Anger, frustration and even rage and fury at the police by the average American citizen is at an all-time high. The use of excessive force and discriminatory practices against private citizens is no longer being tolerated. Though few officers, compared to the amount of police officers nationwide, behave in this manner it’s effects are widespread and damaging to the entire country. The most recent effect is the influx of private citizens pursuing legal proceedings against law enforcement for unlawful searches, seizures, arrests, detainments and abuse by police. While it is within a citizen’s rights to sue the police department, it must be a careful considered decision.
Why Sue the Police Department
People in this country are just as tired of frivolous lawsuits as they are police misconduct. The days of suing for any reason are over. A plaintiff must have a valid reason to sue police. A clear and obvious denial or infraction of a citizen’s civil rights must be present. It is also important to sue police if the dangers the plaintiff experienced by the police could possibly happen to another citizen. A civil duty is present to step up and stop a policeman who is violating procedure to the point of endangering the public he is worn to protect. Egregious errors must be prosecuted but frivolous lawsuits are not tolerated.
Police are protected against lawsuits by the federal government. The term qualified immunity is used to name the shield public officials are entitled to against damages from civil liability. The only caveat is that no violation of a citizen’s statutory or constitutional rights which are clearly established can be present. Statutory rights are those given to a citizen by the local government and enforced by local law enforcement. Constitutional rights are those given by the federal government and are enforced by all law enforcement agencies in the country. A police officer may be able to avoid prosecution for violating a citizen’s federal constitutional rights, if those rights are not clearly spelled out by an established law.
Proving a Case Against Police
A successful case against the police department is a well-proven case against the police department. Charges against law enforcement are taken very seriously and as such, must accompany ample proof a crime was committed. Depending on the type of case, different approaches must be taken to prove it in court.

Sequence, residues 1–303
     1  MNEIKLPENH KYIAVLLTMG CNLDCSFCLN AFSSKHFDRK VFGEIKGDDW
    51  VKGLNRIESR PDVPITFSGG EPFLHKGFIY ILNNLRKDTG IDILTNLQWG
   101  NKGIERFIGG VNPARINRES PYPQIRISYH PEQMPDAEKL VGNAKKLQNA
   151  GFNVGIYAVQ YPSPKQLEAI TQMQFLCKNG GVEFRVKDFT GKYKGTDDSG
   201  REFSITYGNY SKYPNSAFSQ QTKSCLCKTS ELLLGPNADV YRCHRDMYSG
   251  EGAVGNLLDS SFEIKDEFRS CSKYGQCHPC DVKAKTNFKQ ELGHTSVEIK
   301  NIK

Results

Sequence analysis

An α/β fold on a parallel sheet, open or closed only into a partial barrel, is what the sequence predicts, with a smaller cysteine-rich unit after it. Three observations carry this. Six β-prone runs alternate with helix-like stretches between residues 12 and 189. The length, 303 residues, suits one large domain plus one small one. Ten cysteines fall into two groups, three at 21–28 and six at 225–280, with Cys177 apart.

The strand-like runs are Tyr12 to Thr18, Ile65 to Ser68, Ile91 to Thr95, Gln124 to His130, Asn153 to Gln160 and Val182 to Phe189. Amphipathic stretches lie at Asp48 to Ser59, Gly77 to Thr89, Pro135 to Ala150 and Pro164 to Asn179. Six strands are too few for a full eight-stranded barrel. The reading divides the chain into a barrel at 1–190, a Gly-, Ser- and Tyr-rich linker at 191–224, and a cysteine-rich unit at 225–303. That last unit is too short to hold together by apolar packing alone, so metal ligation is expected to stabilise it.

- Discrimination and harassment – to prove discrimination or harassment of some type by police, a pattern of such behavior must be established. Claiming an officer is racial profiling or discriminating on some bias requires proof the officer has behaved in such a manner on other occasions to other citizens. One instance cannot be considered discrimination behavior.
- False arrest – claiming false arrest asserts that the Fourth Amendment rights of an individual have been violated. The right of protection against unreasonable search and seizure can be violated and police cannot be protected from it. To win this type of case against police it must be proven that the police did not have probable cause and evidence was insufficient to warrant an arrest. There are some cases where police have not violated a person’s Fourth Amendment rights if they believed they had probable cause but did not.
- Excessive force – proving an excessive force claim is difficult as there is no hard and fast rule to determine the definition. It is up to the victim to prove the use of force was excessive in their situation. The victim in these cases is often dead or suffering serious injury and the case is pursued by family or the state.
Steps to Suing the Police
Suing the police is a long, arduous task that takes much skill and experience. The initial step in any case is to consult with a qualified civil rights attorney who can tell you what you need to know about your case and chances of winning in court. Preserving evidence and documenting everything that pertains to the incident is vital. Take pictures, keep and preserve clothing and all items resent during the incident, and secure witnesses who say the altercation and alleged abuse. Hire a qualified attorney to help you file complaints with the police department as well as the United States Department of Justice and the United States Attorney General’s office.
Being abused by a police officer is as traumatic mentally as it harmful physically. It leaves you feeling helpless and afraid of your own environment. There are options for citizens who find themselves abused by police. A qualified attorney can help you get your life back to normal.